What makes this bread-making so much fun is that the dough rises and bakes in coffee cans. Kids and kids at heart will love the way the plastic lid pops off when the dough has risen and is ready to bake. Not only is this recipe fun, it is also easy. There is absolutely no kneading required, and the mixing is mostly done with an electric mixer. To top it off, the dough only has to rise once! Young bakers will especially enjoy this recipe, and the memories that are made can last a lifetime.
I have tried other coffee can bread recipes, but none have compared to this one. What makes this coffee can bread recipe unique and special to me are the memories that go along with making it. I started making this bread with my grandmother (Nanny) when I was nine years old. She didn't mind the mess I made measuring the flour or that I always got the sticky dough all over the coffee can. It was well worth what little mess I made. Our coffee can bread always baked to perfection, and what fun we both had in making it, together.
My Nanny’s Coffee Can Bread Recipe
- 1 package of active dry yeast
- ½ cup warm water
- 1/8 teaspoon ground ginger
- 3 tablespoons sugar
- 1 can (12 oz.) undiluted evaporated milk
- 1 teaspoon salt
- 2 tablespoons vegetable oil
- 4 cups un-sifted regular all-purpose flour
- Butter or margarine, for greasing
- Dissolve the yeast in water in a large mixing bowl; blend in ginger and 1 tablespoon of the sugar.
- Let stand in a warm place until the mixture is bubbly, about 15 minutes.
- Stir in the remaining 2 tablespoons sugar and the milk, salt, and vegetable oil. With a hand-mixer on low speed, beat in the flour 1 cup at a time. Beat well after each addition.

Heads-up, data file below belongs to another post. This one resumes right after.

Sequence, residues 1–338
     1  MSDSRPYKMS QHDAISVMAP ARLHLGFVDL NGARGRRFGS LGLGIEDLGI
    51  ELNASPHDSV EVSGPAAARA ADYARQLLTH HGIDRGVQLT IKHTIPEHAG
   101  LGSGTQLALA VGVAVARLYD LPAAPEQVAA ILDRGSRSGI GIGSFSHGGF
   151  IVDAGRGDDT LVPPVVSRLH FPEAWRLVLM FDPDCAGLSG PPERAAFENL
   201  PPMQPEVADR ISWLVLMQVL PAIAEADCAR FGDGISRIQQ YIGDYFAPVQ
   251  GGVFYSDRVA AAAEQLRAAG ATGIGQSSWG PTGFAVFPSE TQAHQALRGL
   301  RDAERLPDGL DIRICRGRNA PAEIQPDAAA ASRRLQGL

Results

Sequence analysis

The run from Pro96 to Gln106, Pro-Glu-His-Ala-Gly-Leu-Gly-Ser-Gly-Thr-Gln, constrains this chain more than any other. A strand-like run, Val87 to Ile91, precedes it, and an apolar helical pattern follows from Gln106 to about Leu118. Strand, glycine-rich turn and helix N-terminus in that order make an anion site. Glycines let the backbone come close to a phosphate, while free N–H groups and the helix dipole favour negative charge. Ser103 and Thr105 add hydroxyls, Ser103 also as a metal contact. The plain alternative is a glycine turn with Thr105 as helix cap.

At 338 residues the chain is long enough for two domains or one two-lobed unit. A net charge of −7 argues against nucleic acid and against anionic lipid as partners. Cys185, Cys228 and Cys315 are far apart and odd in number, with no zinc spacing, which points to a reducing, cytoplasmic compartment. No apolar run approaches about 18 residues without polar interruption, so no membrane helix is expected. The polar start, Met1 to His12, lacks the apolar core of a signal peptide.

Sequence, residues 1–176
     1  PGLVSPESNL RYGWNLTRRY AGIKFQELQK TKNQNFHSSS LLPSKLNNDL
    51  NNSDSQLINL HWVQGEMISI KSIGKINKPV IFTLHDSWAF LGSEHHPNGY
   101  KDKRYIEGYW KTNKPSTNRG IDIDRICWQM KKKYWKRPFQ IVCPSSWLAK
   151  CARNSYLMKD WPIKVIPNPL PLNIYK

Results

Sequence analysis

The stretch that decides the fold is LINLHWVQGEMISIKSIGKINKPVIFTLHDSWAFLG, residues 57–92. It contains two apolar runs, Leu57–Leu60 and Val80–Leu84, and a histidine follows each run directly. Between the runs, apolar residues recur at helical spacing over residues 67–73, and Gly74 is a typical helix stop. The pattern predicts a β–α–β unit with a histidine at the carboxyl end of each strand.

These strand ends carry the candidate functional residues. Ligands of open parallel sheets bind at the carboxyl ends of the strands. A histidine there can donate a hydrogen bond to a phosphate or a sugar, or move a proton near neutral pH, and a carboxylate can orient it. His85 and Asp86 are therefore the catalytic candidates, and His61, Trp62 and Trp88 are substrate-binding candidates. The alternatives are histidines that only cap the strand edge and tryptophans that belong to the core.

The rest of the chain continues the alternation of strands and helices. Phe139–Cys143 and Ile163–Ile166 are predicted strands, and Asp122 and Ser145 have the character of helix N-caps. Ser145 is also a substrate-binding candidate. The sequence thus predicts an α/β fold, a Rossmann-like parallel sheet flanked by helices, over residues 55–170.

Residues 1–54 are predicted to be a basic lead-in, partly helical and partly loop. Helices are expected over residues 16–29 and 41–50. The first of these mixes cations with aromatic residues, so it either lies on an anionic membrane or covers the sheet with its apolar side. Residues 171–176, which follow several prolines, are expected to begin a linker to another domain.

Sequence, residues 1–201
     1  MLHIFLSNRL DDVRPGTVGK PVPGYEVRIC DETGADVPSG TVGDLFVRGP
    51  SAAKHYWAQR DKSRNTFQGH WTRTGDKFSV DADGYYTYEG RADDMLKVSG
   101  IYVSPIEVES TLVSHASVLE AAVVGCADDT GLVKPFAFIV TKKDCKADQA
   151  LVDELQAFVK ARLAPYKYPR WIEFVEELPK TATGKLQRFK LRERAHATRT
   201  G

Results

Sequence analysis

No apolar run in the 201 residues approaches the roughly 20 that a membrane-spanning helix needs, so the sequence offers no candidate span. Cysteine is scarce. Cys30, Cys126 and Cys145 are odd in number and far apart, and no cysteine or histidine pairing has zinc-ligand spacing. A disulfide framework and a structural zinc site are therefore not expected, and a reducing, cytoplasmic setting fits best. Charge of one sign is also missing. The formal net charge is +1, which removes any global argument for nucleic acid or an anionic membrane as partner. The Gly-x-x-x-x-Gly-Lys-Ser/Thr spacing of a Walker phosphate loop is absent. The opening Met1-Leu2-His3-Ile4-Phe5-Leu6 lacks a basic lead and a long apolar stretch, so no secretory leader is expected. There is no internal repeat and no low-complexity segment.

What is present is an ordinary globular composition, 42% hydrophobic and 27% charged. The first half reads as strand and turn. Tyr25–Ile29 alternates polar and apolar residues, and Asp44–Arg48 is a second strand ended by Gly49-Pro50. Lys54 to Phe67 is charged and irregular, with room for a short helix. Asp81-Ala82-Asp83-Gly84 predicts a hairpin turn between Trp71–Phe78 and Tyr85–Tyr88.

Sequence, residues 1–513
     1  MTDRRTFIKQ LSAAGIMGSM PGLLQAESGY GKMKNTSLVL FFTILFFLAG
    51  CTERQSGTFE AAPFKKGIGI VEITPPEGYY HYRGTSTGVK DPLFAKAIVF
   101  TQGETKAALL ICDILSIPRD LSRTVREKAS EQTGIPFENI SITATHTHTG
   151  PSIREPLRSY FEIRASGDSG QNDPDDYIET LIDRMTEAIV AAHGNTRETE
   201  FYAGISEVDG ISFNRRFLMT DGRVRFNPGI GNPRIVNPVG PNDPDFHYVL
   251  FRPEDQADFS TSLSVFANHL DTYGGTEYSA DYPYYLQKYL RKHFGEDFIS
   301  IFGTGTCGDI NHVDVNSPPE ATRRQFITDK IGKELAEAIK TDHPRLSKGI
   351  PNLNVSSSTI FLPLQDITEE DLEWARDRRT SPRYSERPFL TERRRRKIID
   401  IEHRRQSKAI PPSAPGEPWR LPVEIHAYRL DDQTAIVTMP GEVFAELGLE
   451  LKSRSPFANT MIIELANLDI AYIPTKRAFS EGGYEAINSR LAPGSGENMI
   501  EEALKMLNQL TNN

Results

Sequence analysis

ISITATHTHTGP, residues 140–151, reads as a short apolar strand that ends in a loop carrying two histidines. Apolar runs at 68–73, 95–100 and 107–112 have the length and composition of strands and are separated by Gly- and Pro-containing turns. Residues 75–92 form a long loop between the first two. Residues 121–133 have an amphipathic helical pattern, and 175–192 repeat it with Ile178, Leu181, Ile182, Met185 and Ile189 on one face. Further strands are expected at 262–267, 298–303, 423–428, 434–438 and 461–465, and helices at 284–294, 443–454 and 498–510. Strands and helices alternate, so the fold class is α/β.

- Beat in the last cup of flour with a heavy spoon. The dough should be heavy and stiff but too sticky to knead.
- Place dough in a well-greased 2-pound coffee can, or divide into two well-greased 1-pound coffee cans. For a child, this part can get a little messy, but it's all part of the fun!
- Now cover with well-greased plastic lids.
- Let the covered cans sit in a warm place until the dough rises and pops off the plastic lids, 45 to 60 minutes for 1-pound cans, 1 to 1 1/2 hours for a 2-pound can. As a child, I would sit and wait with great anticipation for the "pop" of the lid as it goes flying up into the air!
- Discard the lids or set them aside, and bake in a 350 degree oven for 45 minutes for 1-pound cans, 60 minutes for 2-pound cans. The crust will be very brown; brush the top lightly with butter.
- Let cool for 30 to 40 minutes on a cooling rack.
- When you are ready to remove your bread from the can; use a can opener to remove the bottom.
- Tap the end of the can on a counter to loosen the bread, and allow it to slowly drop down and out of the can.
This bread is delicious by itself but can also be served with many different spreads.
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- Sweet cream butter (my favorite)
- Jams (blackberry and apricot complement it well)
- Jelly (spiced apple jelly and currant jelly are amazing)
- Cinnamon and sugar (my children's favorite)
- Hazelnut spread
- Natural peanut butter
Good bread is the most fundamentally satisfying of all foods; and good bread with fresh butter, the greatest of feasts.
— James Beard (1903-1985)
In many families, baking traditions and recipes are handed down through each generation, not only as a way to share the families' past but to share time with children as they grow and learn. Baking is the perfect way to spend quality time with children. Baking teaches children about the process of cooking, and it's messy, so therefore it's fun.